Home safety and security projects to complete this fall
Thursday, November 2, 2017
Take advantage of the cooler temperatures and downtime before the holiday bustle to tackle these must-do fall projects.
Test Alarms and Sensors
Prepping for the holidays can be so much fun, but it can also mean increased safety hazards in the house. Over the next couple months, you'll be decorating for the holidays, cooking large family meals, burning your fireplace, lighting candles, and maybe setting up a Christmas tree. Prepare for the additional hazards these activities bring by testing your smoke alarms and carbon monoxide detectors.
Also, make sure you have a functioning fire extinguisher on each floor of your home. Look for an expiration date on the label and make sure it hasn't passed. In addition, ensure that the pressure dial is in the green, or charged, area.
Check Insulation Points
Doors and windows are the primary sources for wasted energy in most homes. Apply caulk, weather stripping and insulation inside and outside of the home to ensure you don’t waste any energy – or see increased energy bills – by letting heat leak out. So be sure to check on weather stripping around your doors, windows, and garage door. The felt strips seal these openings to prevent drafts, but they can wear down over time. Replace any faded weather stripping and complete any other insulation tasks you've been putting off.
Clean Your Gutters
Your gutters work hard over fall and winter, and they need your help. Clean them out before it gets too cold. This will prevent gutters from overflowing with rain or snow and damaging your roof. Remove the leaves that accumulate on your roof with a roof rake. Simply position the rake behind the leaves and pull forward until they fall off the roof. Once you’ve climbed up to your gutters, put on some waterproof gloves and scoop the leaves out by hand. Just remember to always keep one hand on the ladder for safety.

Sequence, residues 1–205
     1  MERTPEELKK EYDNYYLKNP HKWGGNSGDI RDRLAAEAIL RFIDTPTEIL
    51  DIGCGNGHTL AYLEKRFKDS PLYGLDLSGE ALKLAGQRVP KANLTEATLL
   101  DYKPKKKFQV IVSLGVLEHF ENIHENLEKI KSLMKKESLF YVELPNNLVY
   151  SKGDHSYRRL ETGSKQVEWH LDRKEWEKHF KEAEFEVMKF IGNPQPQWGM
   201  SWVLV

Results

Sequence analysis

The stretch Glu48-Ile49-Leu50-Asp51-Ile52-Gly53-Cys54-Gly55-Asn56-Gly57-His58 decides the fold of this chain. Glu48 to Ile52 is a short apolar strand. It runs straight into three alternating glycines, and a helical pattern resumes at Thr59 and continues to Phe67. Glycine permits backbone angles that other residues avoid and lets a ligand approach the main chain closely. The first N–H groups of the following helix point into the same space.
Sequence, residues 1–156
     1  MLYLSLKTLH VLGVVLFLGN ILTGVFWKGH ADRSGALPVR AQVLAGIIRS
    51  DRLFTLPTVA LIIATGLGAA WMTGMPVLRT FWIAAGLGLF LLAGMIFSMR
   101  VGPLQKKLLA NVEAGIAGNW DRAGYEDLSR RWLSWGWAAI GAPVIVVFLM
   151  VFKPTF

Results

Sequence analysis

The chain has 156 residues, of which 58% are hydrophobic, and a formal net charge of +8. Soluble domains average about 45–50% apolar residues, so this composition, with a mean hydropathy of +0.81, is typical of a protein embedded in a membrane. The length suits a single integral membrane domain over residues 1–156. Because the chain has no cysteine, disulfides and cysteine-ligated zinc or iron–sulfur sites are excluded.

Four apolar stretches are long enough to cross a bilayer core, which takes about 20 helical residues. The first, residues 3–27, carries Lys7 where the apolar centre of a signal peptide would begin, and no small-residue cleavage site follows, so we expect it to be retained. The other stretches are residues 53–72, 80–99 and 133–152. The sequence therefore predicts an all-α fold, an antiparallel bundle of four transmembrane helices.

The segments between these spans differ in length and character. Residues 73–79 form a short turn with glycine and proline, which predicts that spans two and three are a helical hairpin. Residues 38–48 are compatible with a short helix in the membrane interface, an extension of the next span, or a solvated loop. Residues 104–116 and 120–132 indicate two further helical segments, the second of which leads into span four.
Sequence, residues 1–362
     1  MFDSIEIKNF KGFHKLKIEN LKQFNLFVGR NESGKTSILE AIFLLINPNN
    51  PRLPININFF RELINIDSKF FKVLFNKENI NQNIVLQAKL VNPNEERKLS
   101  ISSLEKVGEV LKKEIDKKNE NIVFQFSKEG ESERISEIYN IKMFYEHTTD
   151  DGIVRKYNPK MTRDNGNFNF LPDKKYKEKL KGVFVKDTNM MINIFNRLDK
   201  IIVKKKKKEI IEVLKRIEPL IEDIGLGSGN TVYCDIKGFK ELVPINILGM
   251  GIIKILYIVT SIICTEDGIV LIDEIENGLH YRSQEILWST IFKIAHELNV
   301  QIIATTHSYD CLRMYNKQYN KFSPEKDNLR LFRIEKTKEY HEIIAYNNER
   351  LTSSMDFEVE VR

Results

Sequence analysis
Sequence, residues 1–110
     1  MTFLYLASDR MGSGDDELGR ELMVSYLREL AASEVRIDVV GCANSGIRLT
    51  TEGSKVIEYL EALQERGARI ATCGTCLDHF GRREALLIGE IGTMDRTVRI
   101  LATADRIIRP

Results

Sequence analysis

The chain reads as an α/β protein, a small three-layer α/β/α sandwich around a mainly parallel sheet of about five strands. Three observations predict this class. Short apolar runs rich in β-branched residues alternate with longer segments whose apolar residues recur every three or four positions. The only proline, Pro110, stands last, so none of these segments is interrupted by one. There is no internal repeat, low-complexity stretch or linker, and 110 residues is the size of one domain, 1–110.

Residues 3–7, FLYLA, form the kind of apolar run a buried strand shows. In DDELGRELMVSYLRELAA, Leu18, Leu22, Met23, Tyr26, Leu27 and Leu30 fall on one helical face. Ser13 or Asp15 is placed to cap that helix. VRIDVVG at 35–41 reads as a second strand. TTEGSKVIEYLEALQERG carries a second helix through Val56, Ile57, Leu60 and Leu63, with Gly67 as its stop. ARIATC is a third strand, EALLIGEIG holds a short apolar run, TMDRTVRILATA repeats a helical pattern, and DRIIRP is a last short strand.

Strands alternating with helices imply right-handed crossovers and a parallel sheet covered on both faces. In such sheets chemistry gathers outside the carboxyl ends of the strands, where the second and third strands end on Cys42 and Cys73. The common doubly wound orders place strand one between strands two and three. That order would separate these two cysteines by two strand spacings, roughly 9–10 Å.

Prepare Your Fireplace
For wood fireplaces, clean them out thoroughly, check the chimney, and make sure that you have an ample supply of wood. Even if you plan on cleaning and maintaining it yourself, have a professional do an initial inspection. Gas and electric fireplaces can also benefit from an annual inspection before winter begins.
Clean Up Your Lawnmower, Grill and Other Outdoor Yard Tools
Your lawnmower, grill and other yard tools are probably dirty after a spring and summer of use. Don't let that dirt and grime sit around all winter. Instead, take the time to clean, tune up and properly store and/or cover these items so they will be ready to be fired up in the spring.
Fall is an excellent time to clean your carpets inside. Carpets and rugs tend to collect dirt and dust and grime all summer long, and you’ll want them clean for indoor winter activities. Be sure to open your windows and air out your house as the carpet dries – another bonus of tackling this project in the fall.
Drain Outside Water Faucets and Irrigation
Not prepping your exterior water outlets could result in an expensive mess on your hands. Water lines exposed to outside temperatures, including underground irrigation lines and exterior faucets, can freeze. When water freezes, it expands, which can crack the pipes or hose bibs.
Start by turning off the water lines inside your house. The shutoff valves are usually located near the main plumbing line that brings water into the home. Then open the spigots to drain the water in the lines. (If you have to drain your irrigation lines, you'll need a pro.) Check the faucets on occasion to ensure that water isn't leaking out. If it is, the shutoff values either aren't closed all the way, or they're leaky and need to be replaced.
Trim Problem Bushes and Trees
The last thing you want are branches to freeze, get too heavy and fall on your house during a snowstorm. Now is the time to inspect nearby trees and shrubs, and cut any low-hanging or dying branches before they can do damage. Resist over-trimming though. Trimming promotes new growth, so wait until your bushes and trees are truly dormant (after winter, early spring) to do your annual pruning.